Urban Development, Land Use and Environmental Law

The Concentration in Urban Development, Land Use and Environmental Law encourages interdisciplinary work. With the School's policy permitting six hours of graduate work to count toward their law degree, students are encouraged to take courses in the graduate programs of the Department of Public Policy. Through the School of Law, students can enroll directly in 1) Urban Issues Symposium, an interdisciplinary course with graduate students in architecture, business, public administration, public policy, social work and urban planning or 2) Social Responsibility and the Professional, another interdisciplinary course with faculty from several graduate programs.

Full-time students should be able to complete the concentration requirements within the existing scheduling schema. Part-time students who are able to take an occasional day/afternoon course will also be able to complete the concentration requirements.

The Urban Development, Land Use and Environmental Law Faculty Advisor is Douglas Williams.

Concentration Requirements

Required Courses

  • Administrative Law
  • State and Local Government
  • Land Use Control

Elective Courses - (at least 3 courses and at least 7 total credit hours)

  • Environmental Law
  • Real Estate Transactions
  • Housing and Urban Development
  • Natural Resources Law
  • Social Responsibility and the Professional
  • State and Local Taxation
  • Urban Issues Symposium
  • Advanced Real Estate Transactions
  • Seminars as offered from time to time in the area and approved by faculty advisor
  • Graduate courses in the Department of Public Policy (check with advisor for available courses)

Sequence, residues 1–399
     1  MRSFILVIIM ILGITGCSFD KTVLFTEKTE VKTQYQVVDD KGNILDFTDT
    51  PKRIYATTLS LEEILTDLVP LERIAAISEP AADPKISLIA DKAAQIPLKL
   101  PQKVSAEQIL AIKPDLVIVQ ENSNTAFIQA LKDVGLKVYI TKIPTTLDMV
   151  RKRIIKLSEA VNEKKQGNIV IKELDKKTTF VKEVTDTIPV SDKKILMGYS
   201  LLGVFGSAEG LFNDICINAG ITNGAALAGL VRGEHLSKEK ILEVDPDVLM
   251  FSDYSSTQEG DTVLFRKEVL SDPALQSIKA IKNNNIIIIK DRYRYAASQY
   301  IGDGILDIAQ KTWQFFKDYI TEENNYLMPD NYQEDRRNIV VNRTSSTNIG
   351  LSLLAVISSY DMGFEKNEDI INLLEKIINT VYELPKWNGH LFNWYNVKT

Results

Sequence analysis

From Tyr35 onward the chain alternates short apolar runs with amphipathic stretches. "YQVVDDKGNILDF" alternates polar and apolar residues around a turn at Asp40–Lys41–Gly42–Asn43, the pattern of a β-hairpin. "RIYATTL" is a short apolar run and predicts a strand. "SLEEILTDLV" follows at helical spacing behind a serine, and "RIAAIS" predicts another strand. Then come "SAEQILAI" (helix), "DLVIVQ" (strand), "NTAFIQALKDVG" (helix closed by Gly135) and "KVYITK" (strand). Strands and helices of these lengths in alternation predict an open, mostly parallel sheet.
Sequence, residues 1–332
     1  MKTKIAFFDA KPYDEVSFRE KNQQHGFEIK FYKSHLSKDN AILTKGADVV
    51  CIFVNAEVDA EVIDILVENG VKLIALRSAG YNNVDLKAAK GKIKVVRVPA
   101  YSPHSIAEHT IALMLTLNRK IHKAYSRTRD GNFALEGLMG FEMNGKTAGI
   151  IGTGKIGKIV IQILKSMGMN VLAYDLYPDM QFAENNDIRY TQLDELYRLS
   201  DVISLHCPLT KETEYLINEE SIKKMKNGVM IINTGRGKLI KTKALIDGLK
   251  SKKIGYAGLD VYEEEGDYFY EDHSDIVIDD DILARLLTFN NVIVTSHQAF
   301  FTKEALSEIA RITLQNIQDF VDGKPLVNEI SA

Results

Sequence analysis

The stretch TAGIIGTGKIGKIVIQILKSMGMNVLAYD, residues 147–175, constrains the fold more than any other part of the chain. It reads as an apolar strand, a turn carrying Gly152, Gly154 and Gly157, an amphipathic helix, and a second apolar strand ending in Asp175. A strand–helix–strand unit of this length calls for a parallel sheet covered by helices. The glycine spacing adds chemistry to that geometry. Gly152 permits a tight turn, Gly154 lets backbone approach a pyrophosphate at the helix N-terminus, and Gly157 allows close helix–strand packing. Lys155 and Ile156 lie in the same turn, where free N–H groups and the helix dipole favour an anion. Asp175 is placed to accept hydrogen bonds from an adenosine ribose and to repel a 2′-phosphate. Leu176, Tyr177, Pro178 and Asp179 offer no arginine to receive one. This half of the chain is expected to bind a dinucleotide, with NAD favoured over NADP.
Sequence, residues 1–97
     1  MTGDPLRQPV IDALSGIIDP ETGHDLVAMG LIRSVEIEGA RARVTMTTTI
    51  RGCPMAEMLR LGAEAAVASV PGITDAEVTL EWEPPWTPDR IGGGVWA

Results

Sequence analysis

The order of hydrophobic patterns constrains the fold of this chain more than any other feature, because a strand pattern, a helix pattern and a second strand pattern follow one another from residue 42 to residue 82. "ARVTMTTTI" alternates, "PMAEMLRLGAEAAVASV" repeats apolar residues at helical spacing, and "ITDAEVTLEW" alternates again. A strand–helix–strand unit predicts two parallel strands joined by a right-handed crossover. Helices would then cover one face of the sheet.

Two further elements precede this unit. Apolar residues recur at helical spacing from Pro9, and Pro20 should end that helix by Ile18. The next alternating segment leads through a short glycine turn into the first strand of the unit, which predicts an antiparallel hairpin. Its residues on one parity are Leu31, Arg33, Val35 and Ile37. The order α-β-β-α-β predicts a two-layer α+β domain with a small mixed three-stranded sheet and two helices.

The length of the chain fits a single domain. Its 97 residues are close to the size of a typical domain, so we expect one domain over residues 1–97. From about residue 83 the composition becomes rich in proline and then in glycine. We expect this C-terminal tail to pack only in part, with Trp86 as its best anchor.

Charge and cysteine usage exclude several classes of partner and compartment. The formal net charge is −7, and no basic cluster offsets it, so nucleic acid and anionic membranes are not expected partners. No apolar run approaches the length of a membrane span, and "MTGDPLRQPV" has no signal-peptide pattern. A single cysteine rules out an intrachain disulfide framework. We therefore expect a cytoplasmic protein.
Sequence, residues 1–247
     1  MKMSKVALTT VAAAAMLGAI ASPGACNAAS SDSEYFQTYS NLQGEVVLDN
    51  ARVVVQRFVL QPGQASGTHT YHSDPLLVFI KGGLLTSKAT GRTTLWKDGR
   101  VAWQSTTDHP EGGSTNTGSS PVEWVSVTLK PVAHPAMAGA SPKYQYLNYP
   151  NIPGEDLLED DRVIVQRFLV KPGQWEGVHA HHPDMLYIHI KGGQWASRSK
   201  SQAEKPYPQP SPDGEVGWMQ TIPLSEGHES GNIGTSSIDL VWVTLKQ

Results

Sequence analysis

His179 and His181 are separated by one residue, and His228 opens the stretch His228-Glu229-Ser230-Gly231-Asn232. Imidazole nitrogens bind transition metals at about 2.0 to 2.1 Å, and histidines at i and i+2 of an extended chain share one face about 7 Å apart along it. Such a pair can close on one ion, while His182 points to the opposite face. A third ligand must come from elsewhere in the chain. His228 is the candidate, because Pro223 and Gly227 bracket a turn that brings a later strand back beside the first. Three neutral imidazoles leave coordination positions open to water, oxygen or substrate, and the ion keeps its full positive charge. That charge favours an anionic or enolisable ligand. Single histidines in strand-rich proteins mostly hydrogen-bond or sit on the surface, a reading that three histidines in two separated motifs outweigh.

Writing Requirement
Students seeking the Concentration must complete at least one course with a significant writing requirement related to the fields of development, land use or environmental law. A seminar or course from the electives above may satisfy the requirement. Additionally, writing for the Public Law Review may also meet this requirement. The program advisor will determine whether a certain written work component meets this requirement.

Capstone-Skills Integration

  • Civil Advocacy Clinic I and Civil Advocacy Course (assigned to housing and development work) OR
  • Externship Clinic I and Lawyering Practice Course (development or environmental placement)

Public Service Component
Students seeking this Concentration are strongly encouraged to participate in pro bono legal service prior to graduation. Such pro bono work may be on behalf of a governmental agency, a non-profit organization, or indigent individuals. The SLU LAW pro bono advisor is Brendan Roediger.

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